RIS: What was your general live setup?

SS: I was using a Gibson or Strat, Memory Man echo, ProCo Rat fuzz, Vox AC30 and Roland JC120 amps.

RIS: How did you feel about Micki as a musician?

SS: She and I were well matched. I liked her sensitivity and open mind. But she was more than just lovely. Micki had a great sounding voice, solid skills in music. She really knew how to play the bass, plus she had a flair for song structure and good showmanship. We got along very well with no trouble. She was a serious thoughtful person with a wry smart sense of humor, a tall drink of water with beautiful skin and bright red hair. And those eyes….. Ha! I hope she doesn’t read this.

RIS: What bands were the members of Nadia then into?

SS: Bands? Psychedelic Furs, U2, Gang of Four, The Associates, Robert Plant, Roxy Music, Comsat Angels, all those Brit art school groups and what the hell, Aerosmith and Cheap Trick too.

RIS: Were there ever any tensions within the group?

SS: Sometimes Toni rubbed Micki the wrong way. They were very different personalities. Toni was a bit arrogant and stubborn. I later tried to write with her in London and we didn’t get very far. Micki was the sort of person one might collaborate with well because of her slightly introverted and brainy nature. She could listen and was willing to work together. Toni was more like a diva. I’ve done the diva thing to death, frankly. Karen from 1994 was one and so is Nina Hagen. I prefer more discipline. With Nadia I just wish I could have been there then as I am now to organize the bunch of us… to shape the band and material and give it a solid base and direction. Everybody was just grasping at straws like children. At any rate, we all had success. Toni had her solo career. Micki joined the Bangles. And I was guitarist with Nina Hagen untill I wrote that big hit for Simple Minds.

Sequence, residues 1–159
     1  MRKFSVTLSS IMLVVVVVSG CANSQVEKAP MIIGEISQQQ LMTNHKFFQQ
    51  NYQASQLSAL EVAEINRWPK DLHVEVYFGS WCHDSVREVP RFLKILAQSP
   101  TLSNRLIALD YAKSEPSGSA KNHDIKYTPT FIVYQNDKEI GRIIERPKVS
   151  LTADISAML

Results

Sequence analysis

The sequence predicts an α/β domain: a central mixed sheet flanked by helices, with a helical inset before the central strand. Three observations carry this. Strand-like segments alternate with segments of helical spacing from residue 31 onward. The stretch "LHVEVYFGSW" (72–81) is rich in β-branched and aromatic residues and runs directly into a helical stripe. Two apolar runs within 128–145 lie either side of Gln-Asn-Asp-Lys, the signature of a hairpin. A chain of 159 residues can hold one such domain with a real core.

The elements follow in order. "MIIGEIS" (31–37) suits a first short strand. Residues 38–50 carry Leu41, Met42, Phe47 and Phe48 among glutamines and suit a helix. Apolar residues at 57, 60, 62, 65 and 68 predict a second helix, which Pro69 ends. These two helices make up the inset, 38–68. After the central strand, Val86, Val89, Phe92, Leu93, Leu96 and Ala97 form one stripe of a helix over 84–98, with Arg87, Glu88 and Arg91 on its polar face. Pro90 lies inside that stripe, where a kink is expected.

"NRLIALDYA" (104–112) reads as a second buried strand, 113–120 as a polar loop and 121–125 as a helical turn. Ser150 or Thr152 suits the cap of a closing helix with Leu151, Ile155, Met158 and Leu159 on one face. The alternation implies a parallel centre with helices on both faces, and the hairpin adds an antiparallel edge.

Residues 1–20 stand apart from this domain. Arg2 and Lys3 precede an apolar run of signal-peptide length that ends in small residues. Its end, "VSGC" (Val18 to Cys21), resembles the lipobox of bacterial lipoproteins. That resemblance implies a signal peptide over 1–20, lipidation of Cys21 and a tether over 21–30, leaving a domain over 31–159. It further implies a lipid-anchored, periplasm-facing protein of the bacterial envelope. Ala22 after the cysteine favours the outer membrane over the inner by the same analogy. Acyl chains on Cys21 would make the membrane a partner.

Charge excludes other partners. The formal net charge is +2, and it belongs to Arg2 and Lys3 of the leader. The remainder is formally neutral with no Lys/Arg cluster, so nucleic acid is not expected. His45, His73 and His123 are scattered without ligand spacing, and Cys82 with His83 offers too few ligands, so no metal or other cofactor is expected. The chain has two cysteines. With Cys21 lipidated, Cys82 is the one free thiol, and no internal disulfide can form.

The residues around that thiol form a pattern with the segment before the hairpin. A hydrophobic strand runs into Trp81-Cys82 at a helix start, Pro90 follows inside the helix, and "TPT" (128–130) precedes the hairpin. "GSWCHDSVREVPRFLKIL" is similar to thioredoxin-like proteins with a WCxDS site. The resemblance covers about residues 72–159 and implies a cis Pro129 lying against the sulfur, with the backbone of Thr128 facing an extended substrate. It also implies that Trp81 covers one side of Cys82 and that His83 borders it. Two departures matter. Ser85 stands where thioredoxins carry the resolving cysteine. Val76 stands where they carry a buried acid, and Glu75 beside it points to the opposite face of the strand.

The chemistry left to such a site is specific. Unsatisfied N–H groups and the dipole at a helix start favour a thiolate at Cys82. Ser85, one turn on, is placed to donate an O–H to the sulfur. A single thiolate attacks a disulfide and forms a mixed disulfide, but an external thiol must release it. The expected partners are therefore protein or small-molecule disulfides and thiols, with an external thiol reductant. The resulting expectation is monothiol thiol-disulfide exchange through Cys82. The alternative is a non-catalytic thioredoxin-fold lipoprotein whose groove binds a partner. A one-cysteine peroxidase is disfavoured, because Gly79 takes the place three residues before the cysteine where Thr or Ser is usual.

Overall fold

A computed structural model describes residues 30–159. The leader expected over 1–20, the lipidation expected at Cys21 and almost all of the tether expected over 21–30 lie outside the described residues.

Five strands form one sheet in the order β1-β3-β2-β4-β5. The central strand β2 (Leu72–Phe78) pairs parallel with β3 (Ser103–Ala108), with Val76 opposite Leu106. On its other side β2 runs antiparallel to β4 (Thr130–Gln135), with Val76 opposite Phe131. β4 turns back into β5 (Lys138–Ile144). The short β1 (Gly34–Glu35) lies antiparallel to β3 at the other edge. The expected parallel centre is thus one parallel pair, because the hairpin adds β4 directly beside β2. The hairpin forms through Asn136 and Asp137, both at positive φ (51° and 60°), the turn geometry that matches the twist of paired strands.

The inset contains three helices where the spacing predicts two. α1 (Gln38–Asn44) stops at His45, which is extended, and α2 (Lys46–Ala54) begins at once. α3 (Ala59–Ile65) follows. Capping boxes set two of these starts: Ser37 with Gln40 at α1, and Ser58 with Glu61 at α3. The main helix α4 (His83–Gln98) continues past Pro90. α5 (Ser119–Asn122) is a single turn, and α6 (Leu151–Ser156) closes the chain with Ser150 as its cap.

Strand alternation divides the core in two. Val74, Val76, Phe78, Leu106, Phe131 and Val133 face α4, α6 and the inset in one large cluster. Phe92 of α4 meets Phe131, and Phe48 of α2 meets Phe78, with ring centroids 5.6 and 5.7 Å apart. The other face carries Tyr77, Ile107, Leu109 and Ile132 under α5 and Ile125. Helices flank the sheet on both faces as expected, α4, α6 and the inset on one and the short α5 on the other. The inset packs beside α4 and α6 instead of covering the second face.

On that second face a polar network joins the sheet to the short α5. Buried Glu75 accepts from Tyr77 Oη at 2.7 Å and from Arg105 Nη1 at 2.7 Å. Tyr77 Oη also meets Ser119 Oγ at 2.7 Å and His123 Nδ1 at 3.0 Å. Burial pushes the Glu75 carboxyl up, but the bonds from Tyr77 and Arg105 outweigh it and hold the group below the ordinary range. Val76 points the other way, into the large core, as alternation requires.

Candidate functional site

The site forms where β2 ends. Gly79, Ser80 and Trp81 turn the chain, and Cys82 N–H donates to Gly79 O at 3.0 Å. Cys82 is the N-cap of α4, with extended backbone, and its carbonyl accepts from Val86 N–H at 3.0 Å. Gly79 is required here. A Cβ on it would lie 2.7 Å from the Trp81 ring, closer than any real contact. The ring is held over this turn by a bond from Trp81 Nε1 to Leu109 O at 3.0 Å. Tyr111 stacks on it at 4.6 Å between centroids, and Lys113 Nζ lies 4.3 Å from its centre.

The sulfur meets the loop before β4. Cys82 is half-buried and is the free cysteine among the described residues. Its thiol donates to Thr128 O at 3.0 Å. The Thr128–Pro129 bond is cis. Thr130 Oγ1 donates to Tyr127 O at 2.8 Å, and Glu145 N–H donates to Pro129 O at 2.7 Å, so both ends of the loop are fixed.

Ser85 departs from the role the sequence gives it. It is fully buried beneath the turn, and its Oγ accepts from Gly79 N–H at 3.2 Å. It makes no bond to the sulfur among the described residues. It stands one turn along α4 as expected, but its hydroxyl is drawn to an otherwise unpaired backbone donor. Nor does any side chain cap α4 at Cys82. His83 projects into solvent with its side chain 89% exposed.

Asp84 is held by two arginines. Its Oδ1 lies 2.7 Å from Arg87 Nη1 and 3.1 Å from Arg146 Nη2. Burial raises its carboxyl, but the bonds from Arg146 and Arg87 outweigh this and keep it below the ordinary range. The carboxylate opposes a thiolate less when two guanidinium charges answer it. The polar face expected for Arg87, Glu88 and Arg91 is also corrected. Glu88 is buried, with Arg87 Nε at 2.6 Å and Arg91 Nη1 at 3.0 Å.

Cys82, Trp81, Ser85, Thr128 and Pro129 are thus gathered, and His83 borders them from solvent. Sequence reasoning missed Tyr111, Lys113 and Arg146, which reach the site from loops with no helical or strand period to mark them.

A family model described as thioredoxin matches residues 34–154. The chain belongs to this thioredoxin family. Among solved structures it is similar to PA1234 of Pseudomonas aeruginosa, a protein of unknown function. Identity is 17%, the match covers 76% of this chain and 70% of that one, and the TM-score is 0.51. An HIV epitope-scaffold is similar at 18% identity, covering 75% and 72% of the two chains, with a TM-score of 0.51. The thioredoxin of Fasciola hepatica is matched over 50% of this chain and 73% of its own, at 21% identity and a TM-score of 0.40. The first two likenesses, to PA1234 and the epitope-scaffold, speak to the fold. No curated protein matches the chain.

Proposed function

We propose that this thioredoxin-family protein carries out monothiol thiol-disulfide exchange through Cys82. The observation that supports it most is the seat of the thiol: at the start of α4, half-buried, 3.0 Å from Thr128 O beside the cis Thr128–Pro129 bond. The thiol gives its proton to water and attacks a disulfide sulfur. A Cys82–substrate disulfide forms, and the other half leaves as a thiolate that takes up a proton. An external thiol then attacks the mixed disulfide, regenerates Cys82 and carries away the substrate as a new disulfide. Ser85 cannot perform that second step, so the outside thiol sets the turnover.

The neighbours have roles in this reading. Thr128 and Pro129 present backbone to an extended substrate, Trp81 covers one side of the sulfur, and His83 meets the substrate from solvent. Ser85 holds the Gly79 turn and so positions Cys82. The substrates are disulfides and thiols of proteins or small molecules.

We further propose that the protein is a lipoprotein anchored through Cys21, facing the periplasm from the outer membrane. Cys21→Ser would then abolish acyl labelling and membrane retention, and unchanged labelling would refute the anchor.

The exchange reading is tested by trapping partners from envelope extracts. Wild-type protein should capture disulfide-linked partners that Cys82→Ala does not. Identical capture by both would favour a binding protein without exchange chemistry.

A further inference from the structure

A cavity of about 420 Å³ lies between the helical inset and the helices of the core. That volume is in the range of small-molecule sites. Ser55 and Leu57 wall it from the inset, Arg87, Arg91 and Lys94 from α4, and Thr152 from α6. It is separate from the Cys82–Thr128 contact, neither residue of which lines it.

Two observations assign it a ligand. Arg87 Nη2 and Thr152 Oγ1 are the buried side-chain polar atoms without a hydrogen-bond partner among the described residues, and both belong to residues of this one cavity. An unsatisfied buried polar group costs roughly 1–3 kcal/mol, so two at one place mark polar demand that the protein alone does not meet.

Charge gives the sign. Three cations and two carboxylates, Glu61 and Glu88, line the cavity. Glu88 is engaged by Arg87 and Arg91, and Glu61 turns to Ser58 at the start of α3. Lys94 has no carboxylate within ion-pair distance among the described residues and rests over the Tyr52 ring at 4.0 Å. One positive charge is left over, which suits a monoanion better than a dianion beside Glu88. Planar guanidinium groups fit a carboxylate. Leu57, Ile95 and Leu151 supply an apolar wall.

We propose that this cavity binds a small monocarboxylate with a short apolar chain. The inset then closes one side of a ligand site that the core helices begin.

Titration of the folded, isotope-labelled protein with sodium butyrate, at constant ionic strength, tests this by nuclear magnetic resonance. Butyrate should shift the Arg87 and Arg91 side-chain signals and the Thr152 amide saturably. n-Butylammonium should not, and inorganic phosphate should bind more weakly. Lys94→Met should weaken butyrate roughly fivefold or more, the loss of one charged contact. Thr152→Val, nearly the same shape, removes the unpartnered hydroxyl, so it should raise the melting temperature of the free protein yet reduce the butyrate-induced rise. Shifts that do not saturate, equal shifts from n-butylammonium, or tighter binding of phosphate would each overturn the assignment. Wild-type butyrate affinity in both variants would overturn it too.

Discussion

RIS: Did you and Micki ever do any collaborations outside the band?

SS: Micki and I may have gotten together to write a few times. I seem to remember it. I wish I could remember more about writing with M Steele. It would have been at the end of Toni and the Movers and during Nadia days. She was with Slow Children at some point too. our time together must have been 81-82 because I got picked up by Hagen in 82-83.
RIS: I’d also like to expand on the ‘attunement’ you mentioned earlier. How would you describe it?

SS: You know…. when a couple of musicians get together in a room somewhere… with a guitar and a bass for example… it is very intimate. Things can go very well or very very not well depending on the temperament of both players. Micki is the sort of colleague who is present, positive, and can bring her talent and skill to bear at the moment and put herself to good use. I admire her to this day for having had those instincts. She brought herself into the mix, and made others better players in the process. She’s a real artist.